Following that concept, here are the steps the mobile development process is divided into and the corresponding testing techniques for each of them.
Application prototyping and concept testing
The first step in app development is creating a prototype. A prototype serves as an initial blueprint that offers a tangible representation of the future application with basic features and functionality.
Prototyping testing allows teams to assess the usability of a future product, its core functions, and the validity of the concept as a whole. Unlike the ready-made application, a digital prototype has no large codebase behind it, which means it doesn’t take long to create one. In fact, you can easily make one in design programs like Figma or Invision.
MVP & key features testing
MVP is a software development method used to “test the waters”. As the name implies, the product has only the core features that make it viable and allow it to be launched into the market. The idea behind an MVP is to collect user feedback, understand what they like and don’t like about the product, and whether it’s needed at all. If the MVP is successful, the team can proceed with further development, expanding its functionality with new features. This way, your application reaches users (or a focus group) faster without wasting time or resources on major rework.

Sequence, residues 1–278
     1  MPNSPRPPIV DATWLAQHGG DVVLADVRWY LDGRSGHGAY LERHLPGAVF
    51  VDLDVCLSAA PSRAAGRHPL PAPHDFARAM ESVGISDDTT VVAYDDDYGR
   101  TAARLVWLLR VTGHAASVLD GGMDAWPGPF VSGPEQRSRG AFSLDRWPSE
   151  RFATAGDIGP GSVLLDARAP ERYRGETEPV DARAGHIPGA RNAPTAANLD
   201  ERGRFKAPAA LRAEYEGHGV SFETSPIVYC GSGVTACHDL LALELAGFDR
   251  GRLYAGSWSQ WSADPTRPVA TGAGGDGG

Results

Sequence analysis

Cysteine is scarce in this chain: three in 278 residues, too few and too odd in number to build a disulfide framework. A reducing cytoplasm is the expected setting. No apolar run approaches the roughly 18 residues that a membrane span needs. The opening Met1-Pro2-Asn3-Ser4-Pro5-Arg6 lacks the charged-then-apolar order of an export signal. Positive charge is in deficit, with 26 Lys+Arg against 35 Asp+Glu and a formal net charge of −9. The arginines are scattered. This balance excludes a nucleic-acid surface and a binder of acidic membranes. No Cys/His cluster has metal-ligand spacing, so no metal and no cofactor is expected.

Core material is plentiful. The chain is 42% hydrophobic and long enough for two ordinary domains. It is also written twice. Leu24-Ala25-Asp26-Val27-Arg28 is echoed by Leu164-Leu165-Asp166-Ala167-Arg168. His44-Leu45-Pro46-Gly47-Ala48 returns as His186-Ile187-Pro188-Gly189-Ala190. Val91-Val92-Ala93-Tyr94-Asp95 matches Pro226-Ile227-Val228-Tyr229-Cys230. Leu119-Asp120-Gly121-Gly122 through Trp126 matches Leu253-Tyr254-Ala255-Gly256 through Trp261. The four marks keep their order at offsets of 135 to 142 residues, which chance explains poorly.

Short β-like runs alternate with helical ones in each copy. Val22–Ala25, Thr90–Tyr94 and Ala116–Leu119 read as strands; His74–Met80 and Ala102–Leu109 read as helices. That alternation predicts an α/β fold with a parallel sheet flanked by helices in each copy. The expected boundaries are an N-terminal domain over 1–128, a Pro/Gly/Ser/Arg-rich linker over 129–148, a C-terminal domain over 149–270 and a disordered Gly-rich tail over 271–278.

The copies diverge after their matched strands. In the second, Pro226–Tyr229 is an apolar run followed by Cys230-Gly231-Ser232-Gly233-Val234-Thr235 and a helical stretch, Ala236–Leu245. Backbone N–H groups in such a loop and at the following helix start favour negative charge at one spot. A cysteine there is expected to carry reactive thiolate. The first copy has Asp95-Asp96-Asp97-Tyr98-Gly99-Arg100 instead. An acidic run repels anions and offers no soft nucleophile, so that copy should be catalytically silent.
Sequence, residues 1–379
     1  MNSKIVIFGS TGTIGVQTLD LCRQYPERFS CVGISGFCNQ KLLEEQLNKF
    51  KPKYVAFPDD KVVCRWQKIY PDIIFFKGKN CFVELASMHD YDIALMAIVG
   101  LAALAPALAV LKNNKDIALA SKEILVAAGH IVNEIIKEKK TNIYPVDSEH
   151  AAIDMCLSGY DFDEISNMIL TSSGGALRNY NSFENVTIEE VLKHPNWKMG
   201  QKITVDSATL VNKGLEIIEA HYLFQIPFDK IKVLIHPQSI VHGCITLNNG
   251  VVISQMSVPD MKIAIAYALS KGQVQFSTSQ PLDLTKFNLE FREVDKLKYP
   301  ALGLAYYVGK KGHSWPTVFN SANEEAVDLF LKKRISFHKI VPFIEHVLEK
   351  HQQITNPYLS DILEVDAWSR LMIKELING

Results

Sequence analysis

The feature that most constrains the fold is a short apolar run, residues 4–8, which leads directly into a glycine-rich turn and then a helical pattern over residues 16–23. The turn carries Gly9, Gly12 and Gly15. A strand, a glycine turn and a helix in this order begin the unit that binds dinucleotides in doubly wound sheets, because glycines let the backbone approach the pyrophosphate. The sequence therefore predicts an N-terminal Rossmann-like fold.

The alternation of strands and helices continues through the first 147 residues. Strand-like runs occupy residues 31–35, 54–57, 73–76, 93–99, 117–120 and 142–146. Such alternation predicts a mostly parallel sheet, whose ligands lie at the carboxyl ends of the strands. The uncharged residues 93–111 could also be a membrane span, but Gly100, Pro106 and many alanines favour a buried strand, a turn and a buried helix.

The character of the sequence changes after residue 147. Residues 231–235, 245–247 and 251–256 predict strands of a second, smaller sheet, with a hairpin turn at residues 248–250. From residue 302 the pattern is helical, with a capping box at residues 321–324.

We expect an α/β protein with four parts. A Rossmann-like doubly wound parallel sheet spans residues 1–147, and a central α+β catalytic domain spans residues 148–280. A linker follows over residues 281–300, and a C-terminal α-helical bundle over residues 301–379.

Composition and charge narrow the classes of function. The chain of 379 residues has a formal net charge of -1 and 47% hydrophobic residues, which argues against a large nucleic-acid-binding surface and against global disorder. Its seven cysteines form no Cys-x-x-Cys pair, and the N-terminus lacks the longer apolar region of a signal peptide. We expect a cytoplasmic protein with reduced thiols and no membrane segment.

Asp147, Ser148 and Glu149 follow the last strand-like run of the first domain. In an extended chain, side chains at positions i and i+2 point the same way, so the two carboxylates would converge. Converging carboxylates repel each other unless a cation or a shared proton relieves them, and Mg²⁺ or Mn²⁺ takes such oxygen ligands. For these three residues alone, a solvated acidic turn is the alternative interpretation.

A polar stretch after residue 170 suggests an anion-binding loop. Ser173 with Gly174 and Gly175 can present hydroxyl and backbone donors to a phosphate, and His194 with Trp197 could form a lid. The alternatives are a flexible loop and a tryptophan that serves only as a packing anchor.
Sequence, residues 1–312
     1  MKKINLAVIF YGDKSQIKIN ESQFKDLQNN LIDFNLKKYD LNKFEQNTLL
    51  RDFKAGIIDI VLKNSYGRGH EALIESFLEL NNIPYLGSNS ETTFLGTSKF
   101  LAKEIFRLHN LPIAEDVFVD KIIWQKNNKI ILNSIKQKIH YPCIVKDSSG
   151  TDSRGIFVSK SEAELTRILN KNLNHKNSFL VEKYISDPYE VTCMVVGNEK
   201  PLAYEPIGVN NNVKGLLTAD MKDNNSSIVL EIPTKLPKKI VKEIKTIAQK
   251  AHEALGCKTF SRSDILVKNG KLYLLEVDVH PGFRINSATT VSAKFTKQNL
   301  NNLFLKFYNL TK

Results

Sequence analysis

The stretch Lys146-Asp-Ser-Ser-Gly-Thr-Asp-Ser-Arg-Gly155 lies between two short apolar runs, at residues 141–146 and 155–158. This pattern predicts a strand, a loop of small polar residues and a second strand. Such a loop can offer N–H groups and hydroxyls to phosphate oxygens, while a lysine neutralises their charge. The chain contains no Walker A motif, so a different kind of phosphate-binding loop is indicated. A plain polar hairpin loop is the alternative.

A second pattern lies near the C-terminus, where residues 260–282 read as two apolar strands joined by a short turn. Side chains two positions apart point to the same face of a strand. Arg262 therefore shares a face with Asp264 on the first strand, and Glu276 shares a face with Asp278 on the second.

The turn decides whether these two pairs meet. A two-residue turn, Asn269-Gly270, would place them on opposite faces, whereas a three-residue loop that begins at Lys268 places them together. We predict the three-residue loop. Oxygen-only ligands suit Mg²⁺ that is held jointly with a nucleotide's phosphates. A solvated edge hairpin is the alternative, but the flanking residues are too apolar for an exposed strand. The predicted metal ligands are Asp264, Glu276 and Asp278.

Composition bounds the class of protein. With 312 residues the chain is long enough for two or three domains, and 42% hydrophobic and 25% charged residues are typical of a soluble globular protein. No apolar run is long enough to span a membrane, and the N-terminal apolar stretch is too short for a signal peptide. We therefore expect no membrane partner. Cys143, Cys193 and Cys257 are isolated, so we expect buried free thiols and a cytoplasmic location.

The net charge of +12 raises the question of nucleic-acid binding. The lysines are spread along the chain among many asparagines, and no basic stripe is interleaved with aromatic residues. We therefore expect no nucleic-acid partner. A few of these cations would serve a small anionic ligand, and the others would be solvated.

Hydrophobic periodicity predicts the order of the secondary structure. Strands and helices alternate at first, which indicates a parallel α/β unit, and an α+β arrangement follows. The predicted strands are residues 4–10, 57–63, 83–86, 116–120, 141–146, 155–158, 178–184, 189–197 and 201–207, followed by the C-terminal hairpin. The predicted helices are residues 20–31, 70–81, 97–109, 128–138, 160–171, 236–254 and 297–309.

Unlike prototypes, the MVP has an actual codebase that can later be used as the basis for the final version. When it comes to UI/UX design, it usually doesn’t focus much on aesthetics, though you can also test the overall style and color scheme of your application at this stage. In terms of MVP testing, QA specialists not only test the shortened version before deploying it but also follow it up with the analysis of feedback from early adopters.
Release & functional testing
When people think about QA, most don’t think it is just functional testing. However, functional testing is, without a doubt, the fundamental step of mobile QA testing. The purpose of functional testing is to compare the functional requirements of a product to what is actually developed. It focuses on accessibility, core functionality, basic usability, potential bugs, and how to fix them, and it is done in conjunction with the other types of testing.
Post-release support & regression testing